Let $V$ be a finite-dimensional vector space and $v_1, \dots, v_m \in V$. Let $F$ indiscriminately denote either the field $\mathbb{R}$ or $\mathbb{C}$. Define the linear map $\Gamma: V' \mapsto F^m$ by $\Gamma(\varphi) = \big(\varphi(v_1),\dots,\varphi(v_m)\big)$.

Show that $v_1,\dots,v_m$ spans $V$ if and only if $\Gamma$ is injective and that $v_1,\dots,v_m$ is linearly independent if and only if $\Gamma$ is surjective.

In both cases, I am only able to prove the only if implication.

In the first case we can reduce the vectors $v_i$ to a basis $v_1,\dots,v_n$ of $V$ (with $n \leq m$). Now $\varphi$ can be written as $\sum_{i=1}^{n} a_i \varphi_i$ (with $\varphi_i$ representing the dual basis of $v_1,\dots,v_n$) and it is not difficult to show that $\Gamma$ injective implies $a_i=0$ for each $i$ (which means $\ker{\Gamma}=0$).

In the second case we procede similarly by extending the vectors $v_i$ to a basis $v_1,\dots,v_n$ (here we have $n \geq m$ instead) and by considering the dual basis $\varphi_1,\dots,\varphi_n$. For each $(a_1,\dots,a_m) \in F^m$ then we have $\Gamma(\sum_{i-1}^{m} a_i\varphi_i) = (a_1,\dots,a_m)$ as desired.

Any hints about how to tackle the other direction?

  • $\begingroup$ I don't understand your first proof. $\endgroup$
    – amsmath
    Dec 11, 2017 at 19:13

2 Answers 2


Hint 1: If $v_1,\ldots,v_m$ does not span $V$, then there exists a nonzero functional $\varphi$ that maps $v_1,\ldots,v_m$ to zero. (Think about vectors outside the span of these $m$ vectors.) Then $\Gamma(\varphi) = 0$.

Hint 2: If $v_1,\ldots,v_m$ are not linearly independent, then some linear combination $a_1 v_1 + \cdots + a_m v_m$ of them equals zero. That means $a_1 \varphi(v_1) + \cdots + a_m \varphi(v_m) = 0$ for any functional $\varphi$, so the image of $\Gamma$ in $F^m$ lies in a strict subspace of $F^m$ (namely it lies in the hyperplane specified by this linear constraint involving $a_1,\ldots,a_m$).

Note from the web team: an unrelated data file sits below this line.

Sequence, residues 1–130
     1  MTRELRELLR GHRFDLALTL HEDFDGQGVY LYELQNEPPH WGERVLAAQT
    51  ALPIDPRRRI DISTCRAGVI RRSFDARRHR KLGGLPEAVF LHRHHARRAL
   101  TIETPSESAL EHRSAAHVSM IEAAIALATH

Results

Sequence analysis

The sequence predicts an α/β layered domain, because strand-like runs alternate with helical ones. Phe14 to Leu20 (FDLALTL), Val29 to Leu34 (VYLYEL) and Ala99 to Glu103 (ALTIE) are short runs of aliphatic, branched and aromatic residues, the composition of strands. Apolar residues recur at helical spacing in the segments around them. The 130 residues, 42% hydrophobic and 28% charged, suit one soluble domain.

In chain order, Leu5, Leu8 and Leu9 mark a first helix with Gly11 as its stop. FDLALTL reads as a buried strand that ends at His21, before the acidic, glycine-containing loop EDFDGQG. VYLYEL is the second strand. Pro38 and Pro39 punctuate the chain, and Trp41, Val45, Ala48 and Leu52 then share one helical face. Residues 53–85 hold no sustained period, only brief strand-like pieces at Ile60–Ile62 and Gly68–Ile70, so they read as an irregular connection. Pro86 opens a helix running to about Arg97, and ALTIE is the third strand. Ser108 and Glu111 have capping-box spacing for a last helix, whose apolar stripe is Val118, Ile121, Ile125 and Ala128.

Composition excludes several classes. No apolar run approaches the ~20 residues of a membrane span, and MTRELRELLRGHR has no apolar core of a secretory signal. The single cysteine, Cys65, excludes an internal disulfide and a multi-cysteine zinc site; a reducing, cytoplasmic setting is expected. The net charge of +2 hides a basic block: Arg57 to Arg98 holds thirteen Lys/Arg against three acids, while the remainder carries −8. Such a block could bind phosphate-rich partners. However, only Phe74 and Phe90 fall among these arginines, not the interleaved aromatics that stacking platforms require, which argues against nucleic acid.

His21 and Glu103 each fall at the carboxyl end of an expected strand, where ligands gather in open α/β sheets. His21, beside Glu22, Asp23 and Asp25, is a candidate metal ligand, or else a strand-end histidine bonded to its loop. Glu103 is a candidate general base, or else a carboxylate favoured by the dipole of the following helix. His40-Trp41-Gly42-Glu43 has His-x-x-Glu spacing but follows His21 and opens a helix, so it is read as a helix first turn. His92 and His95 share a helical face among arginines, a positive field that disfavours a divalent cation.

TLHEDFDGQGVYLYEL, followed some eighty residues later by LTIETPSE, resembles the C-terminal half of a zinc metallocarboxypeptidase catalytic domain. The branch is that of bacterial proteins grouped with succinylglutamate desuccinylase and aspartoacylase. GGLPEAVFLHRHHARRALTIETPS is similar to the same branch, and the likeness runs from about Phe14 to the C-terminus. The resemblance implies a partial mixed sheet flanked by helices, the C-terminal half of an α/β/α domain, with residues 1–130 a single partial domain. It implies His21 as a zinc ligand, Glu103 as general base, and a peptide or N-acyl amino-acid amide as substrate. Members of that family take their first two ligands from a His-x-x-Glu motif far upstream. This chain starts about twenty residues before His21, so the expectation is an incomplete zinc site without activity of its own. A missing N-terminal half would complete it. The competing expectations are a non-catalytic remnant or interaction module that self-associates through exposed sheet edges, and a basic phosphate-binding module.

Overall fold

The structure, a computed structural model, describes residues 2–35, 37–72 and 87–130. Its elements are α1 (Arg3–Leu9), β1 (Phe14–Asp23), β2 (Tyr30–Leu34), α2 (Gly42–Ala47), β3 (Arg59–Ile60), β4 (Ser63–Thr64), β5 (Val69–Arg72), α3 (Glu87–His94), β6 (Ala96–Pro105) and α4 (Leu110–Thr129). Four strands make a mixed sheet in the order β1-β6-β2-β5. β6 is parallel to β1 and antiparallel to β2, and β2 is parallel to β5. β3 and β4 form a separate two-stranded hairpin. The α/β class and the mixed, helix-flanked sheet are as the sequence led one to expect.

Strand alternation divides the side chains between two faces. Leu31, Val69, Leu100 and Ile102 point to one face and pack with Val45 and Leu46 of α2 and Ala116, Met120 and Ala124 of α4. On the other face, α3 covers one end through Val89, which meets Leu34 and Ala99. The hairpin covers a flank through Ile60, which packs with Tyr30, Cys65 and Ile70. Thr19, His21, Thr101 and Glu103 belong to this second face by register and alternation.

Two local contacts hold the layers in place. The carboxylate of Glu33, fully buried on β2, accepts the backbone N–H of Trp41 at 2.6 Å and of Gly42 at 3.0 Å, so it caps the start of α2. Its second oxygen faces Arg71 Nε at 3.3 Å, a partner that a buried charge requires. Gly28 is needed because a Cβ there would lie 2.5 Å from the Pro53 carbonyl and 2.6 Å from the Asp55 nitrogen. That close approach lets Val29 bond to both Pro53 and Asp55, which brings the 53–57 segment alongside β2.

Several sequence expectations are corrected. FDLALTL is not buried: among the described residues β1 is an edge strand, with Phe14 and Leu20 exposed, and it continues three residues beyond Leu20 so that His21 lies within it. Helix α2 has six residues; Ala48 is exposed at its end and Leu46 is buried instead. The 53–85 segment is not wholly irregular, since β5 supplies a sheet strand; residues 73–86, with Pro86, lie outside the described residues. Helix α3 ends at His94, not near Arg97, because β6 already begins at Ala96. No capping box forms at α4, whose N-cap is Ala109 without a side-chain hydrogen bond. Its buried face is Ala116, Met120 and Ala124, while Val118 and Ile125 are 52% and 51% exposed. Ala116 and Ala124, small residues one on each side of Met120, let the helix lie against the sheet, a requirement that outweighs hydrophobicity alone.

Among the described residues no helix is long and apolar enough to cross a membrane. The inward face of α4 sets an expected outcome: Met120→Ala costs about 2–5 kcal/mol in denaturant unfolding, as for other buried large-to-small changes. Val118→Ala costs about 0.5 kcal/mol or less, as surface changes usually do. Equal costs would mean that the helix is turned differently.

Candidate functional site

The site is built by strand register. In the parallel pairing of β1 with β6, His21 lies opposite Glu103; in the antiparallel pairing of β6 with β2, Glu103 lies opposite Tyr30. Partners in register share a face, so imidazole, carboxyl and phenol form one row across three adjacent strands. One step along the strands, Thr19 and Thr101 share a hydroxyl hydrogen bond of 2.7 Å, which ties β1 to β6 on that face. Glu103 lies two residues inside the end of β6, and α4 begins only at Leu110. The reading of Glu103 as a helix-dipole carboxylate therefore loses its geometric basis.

I am reading "Linear Algebra Done Right 3rd Edition" by Sheldon Axler.

This problem is the same problem as Exercise 3.F.6 in this book.

Exercise 3.F.6
Suppose $V$ is finite-dimensional and $v_1,\dots,v_m\in V.$ Define a linear map $\Gamma:V'\to\mathbb{F}^m$ by $$\Gamma(\varphi)=(\varphi(v_1),\dots,\varphi(v_m)).$$
(a) Prove that $v_1,\dots,v_m$ spans $V$ if and only if $\Gamma$ is injective.
(b) Prove that $v_1,\dots,v_m$ is linearly independent if and only if $\Gamma$ is surjective.

My solution is here:

Let $u_1,\dots,u_n$ be a basis of $V$.
Let $\varphi_1,\dots,\varphi_n$ be the dual basis of $u_1,\dots,u_n$.
Then, $x_1v_1+\dots+x_mv_m=y_1u_1+\dots+y_nu_n,$
where $\begin{pmatrix}y_1\\\vdots\\y_n\end{pmatrix}=\begin{pmatrix}b_{11}&\cdots&b_{m1}\\\vdots&\cdots&\vdots\\b_{1n}&\cdots&b_{mn}\end{pmatrix}\begin{pmatrix}x_1\\\vdots\\x_m\end{pmatrix}=B^t\begin{pmatrix}x_1\\\vdots\\x_m\end{pmatrix}.$
The matrix of $\Gamma$ with respect to the basis $\varphi_1,\dots,\varphi_n$ of $V'$ and the standard basis of $\mathbb{F}^m$ is $B=\begin{pmatrix}b_{11}&\cdots&b_{1n}\\\vdots&\cdots&\vdots\\b_{m1}&\cdots&b_{mn}\end{pmatrix}$.
$\Gamma$ is injective
$x\mapsto Bx$ is injective
$x\mapsto B^tx$ is surjective
$v_1,\dots,v_m$ spans $V$.

$\Gamma$ is surjective
$x\mapsto Bx$ is surjective
$x\mapsto B^tx$ is injective
$v_1,\dots,v_m$ is linearly independent.


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